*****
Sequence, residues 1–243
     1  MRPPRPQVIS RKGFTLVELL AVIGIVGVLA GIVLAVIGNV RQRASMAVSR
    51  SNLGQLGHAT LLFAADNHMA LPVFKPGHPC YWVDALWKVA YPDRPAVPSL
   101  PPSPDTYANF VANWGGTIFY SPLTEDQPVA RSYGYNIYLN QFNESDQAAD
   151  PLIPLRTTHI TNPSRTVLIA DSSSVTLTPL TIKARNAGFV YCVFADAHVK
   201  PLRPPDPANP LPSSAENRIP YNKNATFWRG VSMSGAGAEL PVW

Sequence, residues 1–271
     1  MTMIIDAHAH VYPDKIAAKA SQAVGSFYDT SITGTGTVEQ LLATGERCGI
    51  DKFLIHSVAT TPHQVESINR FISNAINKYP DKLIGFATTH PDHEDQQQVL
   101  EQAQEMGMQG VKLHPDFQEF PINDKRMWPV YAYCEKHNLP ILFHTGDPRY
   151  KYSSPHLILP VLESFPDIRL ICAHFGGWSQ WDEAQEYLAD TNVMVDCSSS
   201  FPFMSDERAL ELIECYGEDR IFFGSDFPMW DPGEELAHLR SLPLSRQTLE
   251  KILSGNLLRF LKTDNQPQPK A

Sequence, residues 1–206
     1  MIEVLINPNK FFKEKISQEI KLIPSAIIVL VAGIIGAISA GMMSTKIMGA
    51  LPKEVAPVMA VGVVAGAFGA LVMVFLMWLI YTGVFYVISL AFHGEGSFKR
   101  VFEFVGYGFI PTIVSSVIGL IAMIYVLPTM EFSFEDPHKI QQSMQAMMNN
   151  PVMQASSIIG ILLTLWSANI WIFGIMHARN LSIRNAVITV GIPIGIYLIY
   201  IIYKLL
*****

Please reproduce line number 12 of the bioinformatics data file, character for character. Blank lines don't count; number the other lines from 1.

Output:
   201  FPFMSDERAL ELIECYGEDR IFFGSDFPMW DPGEELAHLR SLPLSRQTLE